I believe there are three perspectives on the Christian faith that can help us at this point. The biblical perspective sets the norms or standards of the Christian faith. Church history, or the historical perspective, shows us what Christian orthodoxy has looked like for 2,000 years. The third perspective is the relational perspective and deals with the personal aspect of knowing God the Father, through Jesus Christ His Son, in the power of The Holy Spirit.

Biblical Perspective
The Bible is the bedrock for the Christian faith, it’s God’s Word to us. In it He explains history, reveals what we ought to believe and how we ought to act. God also reveals how we can know Him through His son. The Bible warns us to test ourselves and see if we are in the faith. We are also exhorted to test every spirit and every person’s words by the Bible. Jesus defines the Christian faith succinctly in Luke 9:23, “If anyone would come after me, let him deny himself and take up his cross daily and follow me”.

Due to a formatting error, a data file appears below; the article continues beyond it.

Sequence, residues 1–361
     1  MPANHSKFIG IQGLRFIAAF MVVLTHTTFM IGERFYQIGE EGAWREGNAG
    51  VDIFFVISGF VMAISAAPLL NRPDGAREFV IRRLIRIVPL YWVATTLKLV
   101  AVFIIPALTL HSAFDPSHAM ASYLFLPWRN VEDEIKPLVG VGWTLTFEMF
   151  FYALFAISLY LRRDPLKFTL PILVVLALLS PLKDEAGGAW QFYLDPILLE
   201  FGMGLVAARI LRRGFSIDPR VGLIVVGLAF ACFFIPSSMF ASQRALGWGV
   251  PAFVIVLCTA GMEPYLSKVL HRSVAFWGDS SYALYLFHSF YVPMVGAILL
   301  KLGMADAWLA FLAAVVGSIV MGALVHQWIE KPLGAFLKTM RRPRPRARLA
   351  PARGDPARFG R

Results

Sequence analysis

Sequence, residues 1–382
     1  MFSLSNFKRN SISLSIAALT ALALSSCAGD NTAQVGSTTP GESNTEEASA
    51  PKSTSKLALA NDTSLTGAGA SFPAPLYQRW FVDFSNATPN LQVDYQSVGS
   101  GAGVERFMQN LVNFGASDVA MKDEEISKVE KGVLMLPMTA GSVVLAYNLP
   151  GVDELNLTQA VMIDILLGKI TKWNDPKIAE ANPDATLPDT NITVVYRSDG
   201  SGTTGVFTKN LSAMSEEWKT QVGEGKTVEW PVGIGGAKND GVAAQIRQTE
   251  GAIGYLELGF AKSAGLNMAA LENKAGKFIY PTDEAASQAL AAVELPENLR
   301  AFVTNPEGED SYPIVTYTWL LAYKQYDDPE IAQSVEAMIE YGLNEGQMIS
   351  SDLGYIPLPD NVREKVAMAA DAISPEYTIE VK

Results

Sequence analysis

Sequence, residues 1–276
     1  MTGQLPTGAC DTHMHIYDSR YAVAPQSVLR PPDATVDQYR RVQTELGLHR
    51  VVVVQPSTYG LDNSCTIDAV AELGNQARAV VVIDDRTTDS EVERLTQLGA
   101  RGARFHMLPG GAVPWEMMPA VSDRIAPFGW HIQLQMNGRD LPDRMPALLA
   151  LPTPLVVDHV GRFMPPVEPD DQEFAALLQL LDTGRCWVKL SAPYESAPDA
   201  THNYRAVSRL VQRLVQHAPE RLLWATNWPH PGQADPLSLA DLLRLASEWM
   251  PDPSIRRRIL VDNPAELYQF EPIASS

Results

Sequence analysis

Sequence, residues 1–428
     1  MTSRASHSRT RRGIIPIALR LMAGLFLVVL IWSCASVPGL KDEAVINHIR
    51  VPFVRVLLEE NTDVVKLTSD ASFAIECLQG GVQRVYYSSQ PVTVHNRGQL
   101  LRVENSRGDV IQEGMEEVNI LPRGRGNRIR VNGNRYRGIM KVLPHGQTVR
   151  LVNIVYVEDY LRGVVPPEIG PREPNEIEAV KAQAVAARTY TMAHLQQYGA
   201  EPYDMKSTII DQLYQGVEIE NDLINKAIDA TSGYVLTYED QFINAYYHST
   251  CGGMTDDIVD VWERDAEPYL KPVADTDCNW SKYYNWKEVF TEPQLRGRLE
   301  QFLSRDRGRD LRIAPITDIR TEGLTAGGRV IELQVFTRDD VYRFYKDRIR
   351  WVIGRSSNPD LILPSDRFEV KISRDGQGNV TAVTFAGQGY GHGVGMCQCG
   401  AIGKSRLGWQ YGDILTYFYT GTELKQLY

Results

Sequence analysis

Being a Christian isn’t about saying a special prayer when you were five, or being born into a certain family in a certain culture. As Jesus puts it, being a follower of Christ means following him daily and taking up your own cross. According to the Bible, we are supposed to have our minds transformed to think like Jesus, we are to take every thought captive to obey him. We, as Christians, are to submit ourselves to his authority for we are slaves of Christ. We are to love the Lord our God with all our heart, mind and strength. Likewise, Jesus says, “By this all people will know that you are my disciples, if you have love for one another.” (John 13:35). The Apostle John also warns the Church that, “whoever says he is in the light and hates his brother is still in darkness.” (1 John 2:11) and “God is light, and in him there is no darkness at all. If we say we have fellowship with him while we walk in darkness, we lie and do not practice the truth.” (1 John 1:5-6).